Routing flaps, was Re: Ping flooding

Forrest W. Christian forrestc at
Fri Jul 12 16:17:11 UTC 1996

On Fri, 12 Jul 1996, Paul Ferguson wrote:

> I'm sorry, but I'm afraid that you're missing the point here.
> In most larger ISP backbones, the behavior of their IGP is indeed
> visible to the public, since in most instances, most of the Internet
> traffic relies on the stability of these interior (an esoteric term)
> networks. Therefore, whether interior or exterior flap is really of
> no relevance in this context.

<This isn't intended to irritate, I just want to make sure I understand 
this correctly>

Let me try a very simple example:

   To Internet     To Internet  <-- Peering points or upstreams  
    'Point A'       'Point B'
        |               |
  +-----------+   +-----------+
  | Router A  |---| Router B  | 
  +-----------+   +-----------+
        |               |
        |               |
  +-----------+   +-----------+
  | Router C  |   | Router D  |
  +-----------+   +-----------+
        |               |
  To Downstream    To Downstream
 Non-BGP (Static) Non-BGP (Static)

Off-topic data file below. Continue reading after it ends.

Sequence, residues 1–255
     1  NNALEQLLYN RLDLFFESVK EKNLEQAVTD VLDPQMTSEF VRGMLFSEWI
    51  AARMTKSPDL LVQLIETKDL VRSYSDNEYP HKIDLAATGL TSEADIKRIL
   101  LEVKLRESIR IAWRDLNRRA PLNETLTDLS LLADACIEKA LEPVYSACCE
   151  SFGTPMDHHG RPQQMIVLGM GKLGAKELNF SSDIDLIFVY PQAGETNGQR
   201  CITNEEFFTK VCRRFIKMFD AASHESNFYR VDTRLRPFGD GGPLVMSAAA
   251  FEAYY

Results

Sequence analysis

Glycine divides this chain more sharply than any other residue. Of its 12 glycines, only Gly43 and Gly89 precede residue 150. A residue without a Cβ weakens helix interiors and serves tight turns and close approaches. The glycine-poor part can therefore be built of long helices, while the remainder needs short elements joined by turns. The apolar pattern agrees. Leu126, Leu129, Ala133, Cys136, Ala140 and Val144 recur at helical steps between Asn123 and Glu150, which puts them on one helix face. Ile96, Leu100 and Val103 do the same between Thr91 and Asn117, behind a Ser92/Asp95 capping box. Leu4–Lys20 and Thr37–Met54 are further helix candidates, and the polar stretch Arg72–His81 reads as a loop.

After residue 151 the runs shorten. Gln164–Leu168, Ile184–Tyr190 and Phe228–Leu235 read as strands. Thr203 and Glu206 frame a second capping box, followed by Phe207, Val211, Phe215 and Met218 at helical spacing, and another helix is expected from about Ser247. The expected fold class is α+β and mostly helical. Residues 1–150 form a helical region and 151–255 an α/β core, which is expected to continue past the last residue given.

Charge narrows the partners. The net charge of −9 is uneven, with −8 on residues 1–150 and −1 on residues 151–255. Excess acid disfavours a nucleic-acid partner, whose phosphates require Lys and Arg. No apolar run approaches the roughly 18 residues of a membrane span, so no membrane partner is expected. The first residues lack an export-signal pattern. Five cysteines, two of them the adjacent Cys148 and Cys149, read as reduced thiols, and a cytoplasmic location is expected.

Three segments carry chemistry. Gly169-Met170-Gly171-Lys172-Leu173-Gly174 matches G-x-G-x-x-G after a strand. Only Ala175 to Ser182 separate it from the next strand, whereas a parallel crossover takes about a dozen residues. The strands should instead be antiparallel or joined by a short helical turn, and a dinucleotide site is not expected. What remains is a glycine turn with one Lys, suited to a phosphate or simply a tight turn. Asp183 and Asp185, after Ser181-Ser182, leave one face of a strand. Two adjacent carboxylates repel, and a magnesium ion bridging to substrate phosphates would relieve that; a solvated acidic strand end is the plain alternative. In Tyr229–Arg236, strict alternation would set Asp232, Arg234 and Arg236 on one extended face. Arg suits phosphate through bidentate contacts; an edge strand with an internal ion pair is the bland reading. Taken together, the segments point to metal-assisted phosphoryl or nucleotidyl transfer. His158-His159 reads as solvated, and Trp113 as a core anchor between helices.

Customer        Customer

Routers A & B are running BGP to the outside world, and iBGP between them.
Routers C & D are 'defaulted' into A and B.

If the link between A&B dies the Exterior Routes will (and should) flap.

If the link between either A or B and the Internet dies, the Exterior 
Routes will (and should) flap.

If the line between routers A&C or B&D or between either C or D and their 
respective static downstreams die, there should be NO external route 
flap.  However, if C&D are incapable of 'Null0' routing, it may be 
beneficial to run dynamic routing between A&C and between B&D so that 
A&B discard packets instead of causing a routing loop.  This "internal 
routing flap" should not be visible to the outside world.

I think that's what I meant to say before.  Sometimes I'm not too clear 
about what I'm saying.  If I've still missed the boat feel free to let me 
know :) 

-forrestc at

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